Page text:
Dispatch inspired by Seoul


Our Korean face, Priscilla sends a dispatch from Seoul. Rows of countless yellow ribbons line the streets in front of Seoul’s city hall as the city mourns the death of 287 plus lives lost in the Sewol ferry disaster. The long ribbons contain written messages to the victims, many expressing their apologies and promises of "never again" and "you will never be forgotten." The yellow ribbon holds various symbolic meaning across the world including forgiveness, solidarity, protest, hope, army troop support, suicide awareness, and higher education. In South Korea, the color yellow also signifies the opposition political party against the current dominant political party, which is represented by the color red. Many Koreans blame the government for the deaths and they demand retribution. In the face of such anger and grief, what is the government to do?

The United States has had its share of tragedies on a national scale. There have been too many school shootings, terrorist attacks, and disasters caused by corporate negligence. In many of these instances, Congress has repeatedly appointed Kenneth Feinberg as an arbitrator to monitor and designate compensation awards to victims' families. Nicknamed the "pay czar" and "Special Master for Compensation," Feinberg has been involved in the Agent Orange product liability litigation, the asbestos personal injury litigation, September 11 Victim Compensation Fund, the Hokie Spirit Memorial Fund (Virginia Tech shooting), the BP oil spill fund, the Penn State settlement (Jerry Sandusky sex abuse scandal), the Aurora victim relief fund, the Boston Marathon Bomb Victims fund, and the Newtown-Sandy Hook Community Foundation. Feinberg's skill lies in the ability to quietly listen to the stories from families, learning early on the importance of allowing grief-stricken families to vent their frustrations and sorrows. He then devises a system that allows him to calculate how much each family should be compensated. Of course, Feinberg has many critics who are unhappy with his methods and there are families who believe they deserve more - he has been openly yelled at during meetings. In his new book, Who Gets What: Fair Compensation After Tragedy and Financial Upheaval, he challenges anyone else to take his job if they think they can do better. He knows that his formula is not perfect and he has made some mistakes, but it is the best anyone has come up with so far.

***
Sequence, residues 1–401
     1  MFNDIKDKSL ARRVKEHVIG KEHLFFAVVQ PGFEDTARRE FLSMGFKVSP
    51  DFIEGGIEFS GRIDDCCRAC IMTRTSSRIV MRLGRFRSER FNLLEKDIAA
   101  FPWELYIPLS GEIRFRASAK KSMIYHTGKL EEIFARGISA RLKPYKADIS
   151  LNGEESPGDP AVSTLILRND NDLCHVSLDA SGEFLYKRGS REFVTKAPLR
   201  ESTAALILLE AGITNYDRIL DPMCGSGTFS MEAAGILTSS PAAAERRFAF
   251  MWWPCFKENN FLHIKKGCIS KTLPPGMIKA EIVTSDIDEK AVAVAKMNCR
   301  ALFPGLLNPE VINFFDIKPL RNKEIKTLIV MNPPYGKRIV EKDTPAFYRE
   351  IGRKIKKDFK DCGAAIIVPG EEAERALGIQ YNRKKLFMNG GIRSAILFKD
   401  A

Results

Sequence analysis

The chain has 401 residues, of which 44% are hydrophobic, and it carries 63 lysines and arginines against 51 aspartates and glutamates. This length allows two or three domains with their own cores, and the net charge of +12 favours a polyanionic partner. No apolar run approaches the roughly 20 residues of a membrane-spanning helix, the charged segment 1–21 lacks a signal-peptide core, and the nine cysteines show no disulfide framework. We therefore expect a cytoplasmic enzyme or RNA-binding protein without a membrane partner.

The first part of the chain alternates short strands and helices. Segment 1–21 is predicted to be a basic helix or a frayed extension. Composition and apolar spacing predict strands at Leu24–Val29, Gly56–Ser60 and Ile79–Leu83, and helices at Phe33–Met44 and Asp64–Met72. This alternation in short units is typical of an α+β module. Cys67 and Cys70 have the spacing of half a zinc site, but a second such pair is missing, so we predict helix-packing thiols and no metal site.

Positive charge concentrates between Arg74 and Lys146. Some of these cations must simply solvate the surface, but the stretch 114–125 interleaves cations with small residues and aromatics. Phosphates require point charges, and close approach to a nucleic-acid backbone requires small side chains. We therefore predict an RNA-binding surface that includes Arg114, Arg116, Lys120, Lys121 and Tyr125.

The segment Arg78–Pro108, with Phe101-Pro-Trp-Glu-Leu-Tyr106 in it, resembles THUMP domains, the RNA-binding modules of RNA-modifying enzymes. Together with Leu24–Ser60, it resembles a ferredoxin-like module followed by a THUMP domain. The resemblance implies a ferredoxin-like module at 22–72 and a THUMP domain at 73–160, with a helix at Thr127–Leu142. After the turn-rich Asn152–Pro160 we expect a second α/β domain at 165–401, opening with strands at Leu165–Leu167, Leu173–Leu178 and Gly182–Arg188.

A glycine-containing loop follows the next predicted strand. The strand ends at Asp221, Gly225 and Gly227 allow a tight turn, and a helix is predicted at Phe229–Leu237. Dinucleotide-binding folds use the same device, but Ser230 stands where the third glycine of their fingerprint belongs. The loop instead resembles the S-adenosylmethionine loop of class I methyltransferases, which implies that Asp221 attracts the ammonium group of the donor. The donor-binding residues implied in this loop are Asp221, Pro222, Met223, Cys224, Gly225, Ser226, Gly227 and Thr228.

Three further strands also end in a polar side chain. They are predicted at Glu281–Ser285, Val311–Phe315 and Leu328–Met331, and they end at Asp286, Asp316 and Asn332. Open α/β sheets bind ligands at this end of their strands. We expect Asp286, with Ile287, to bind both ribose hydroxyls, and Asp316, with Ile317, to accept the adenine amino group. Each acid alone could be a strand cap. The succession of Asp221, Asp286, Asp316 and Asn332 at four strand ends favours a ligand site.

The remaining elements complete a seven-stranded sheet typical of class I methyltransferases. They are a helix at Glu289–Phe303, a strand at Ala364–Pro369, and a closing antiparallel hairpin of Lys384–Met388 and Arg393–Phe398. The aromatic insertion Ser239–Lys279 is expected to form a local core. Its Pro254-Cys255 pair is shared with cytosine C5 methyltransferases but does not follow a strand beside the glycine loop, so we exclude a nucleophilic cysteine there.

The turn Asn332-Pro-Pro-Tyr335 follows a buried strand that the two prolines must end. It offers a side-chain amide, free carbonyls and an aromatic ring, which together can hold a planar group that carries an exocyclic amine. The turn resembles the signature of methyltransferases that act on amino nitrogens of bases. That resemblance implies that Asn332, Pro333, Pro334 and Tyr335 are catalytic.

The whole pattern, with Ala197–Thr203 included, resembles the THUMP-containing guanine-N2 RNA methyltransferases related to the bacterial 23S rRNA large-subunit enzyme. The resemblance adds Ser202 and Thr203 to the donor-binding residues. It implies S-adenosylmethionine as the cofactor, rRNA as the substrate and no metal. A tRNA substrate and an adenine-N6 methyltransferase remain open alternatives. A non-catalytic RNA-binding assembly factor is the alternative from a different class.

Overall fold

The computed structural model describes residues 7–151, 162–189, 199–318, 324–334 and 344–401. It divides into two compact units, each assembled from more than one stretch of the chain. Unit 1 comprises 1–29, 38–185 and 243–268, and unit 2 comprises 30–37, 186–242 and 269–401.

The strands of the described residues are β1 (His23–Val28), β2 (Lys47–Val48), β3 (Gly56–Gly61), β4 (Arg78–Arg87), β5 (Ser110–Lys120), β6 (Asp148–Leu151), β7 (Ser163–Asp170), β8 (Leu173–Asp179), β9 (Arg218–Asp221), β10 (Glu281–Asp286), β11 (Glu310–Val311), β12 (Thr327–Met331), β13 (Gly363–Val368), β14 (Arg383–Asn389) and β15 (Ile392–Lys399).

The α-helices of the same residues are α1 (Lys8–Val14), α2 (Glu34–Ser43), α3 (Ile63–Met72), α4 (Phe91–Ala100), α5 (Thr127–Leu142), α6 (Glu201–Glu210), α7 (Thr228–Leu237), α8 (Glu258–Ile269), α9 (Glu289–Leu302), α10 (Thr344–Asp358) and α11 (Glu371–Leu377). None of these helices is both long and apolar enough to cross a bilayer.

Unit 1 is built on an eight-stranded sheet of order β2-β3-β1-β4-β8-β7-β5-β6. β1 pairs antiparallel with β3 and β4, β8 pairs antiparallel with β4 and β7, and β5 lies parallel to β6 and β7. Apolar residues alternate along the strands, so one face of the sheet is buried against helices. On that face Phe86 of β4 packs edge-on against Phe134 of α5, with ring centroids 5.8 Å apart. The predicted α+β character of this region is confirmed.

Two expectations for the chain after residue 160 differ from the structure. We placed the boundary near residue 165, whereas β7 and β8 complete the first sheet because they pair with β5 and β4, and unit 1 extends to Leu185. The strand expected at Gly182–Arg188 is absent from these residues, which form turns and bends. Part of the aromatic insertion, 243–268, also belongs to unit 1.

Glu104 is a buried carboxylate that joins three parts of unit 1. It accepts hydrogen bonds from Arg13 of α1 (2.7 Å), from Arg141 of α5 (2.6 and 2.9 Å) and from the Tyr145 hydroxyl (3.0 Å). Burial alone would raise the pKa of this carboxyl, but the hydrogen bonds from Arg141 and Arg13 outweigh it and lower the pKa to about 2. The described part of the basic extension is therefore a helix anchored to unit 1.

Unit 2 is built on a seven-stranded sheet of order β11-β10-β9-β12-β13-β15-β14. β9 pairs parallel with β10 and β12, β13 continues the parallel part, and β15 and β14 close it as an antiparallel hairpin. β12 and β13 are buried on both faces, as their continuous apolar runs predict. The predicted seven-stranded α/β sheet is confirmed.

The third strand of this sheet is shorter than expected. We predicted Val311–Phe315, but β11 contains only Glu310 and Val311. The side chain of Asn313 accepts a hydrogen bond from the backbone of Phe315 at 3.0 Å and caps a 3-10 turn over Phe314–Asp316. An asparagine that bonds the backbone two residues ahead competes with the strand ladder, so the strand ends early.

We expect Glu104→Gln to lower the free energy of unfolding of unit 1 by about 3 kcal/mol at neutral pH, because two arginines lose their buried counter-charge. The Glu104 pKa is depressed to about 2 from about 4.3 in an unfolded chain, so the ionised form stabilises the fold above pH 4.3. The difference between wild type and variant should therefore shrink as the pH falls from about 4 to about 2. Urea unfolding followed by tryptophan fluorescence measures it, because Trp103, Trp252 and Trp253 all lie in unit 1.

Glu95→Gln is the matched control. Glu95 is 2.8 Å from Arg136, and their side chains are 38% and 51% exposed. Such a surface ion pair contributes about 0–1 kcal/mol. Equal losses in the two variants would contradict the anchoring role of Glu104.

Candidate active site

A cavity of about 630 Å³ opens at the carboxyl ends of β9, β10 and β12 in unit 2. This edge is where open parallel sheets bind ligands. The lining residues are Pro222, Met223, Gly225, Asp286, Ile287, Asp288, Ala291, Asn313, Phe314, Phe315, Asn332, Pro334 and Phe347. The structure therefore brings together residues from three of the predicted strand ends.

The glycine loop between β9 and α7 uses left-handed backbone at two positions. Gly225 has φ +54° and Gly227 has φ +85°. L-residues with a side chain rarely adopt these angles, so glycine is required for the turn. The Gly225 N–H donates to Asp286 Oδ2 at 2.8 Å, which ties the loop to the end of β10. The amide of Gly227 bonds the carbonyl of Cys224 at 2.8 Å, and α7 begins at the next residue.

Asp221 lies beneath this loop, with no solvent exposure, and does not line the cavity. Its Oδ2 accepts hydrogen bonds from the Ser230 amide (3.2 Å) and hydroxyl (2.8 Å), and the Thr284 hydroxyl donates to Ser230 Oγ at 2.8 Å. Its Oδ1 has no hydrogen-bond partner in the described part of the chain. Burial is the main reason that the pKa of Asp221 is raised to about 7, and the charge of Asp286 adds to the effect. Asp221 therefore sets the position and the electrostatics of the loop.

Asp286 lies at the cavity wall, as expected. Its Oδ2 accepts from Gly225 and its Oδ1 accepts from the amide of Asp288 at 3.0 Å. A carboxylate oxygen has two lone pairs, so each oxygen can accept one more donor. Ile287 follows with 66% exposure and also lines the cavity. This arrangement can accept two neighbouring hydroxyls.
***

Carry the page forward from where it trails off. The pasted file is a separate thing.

I met a Korean labor attorney who also attended the Straus Institute for Dispute Resolution at Pepperdine University when I was in South Korea for a business trip. We spoke about the program, what we have been up to since we graduated, and recent disasters such as the Sewol ferry tragedy. Kang Boon Moon has an incredible knack of receiving new concepts and creatively applying it her passion in alternative dispute resolution. I told her about Kenneth Feinberg and his incredibly difficult task of sorting through sorrow and having to put a price on lost lives. Moon absorbed this information and began to think of ways to apply what Kenneth Feinberg has accomplished to the Sewol disaster. She insisted that the time for new turnings in Korea is now. Koreans are focused on victim compensation and the strict enforcement of policies. In a country where presidents and politicians have never apologized for their actions, would a government-appointed arbitrator be accepted by the Korean citizens?

© Conflict Change Consulting Ltd.  2014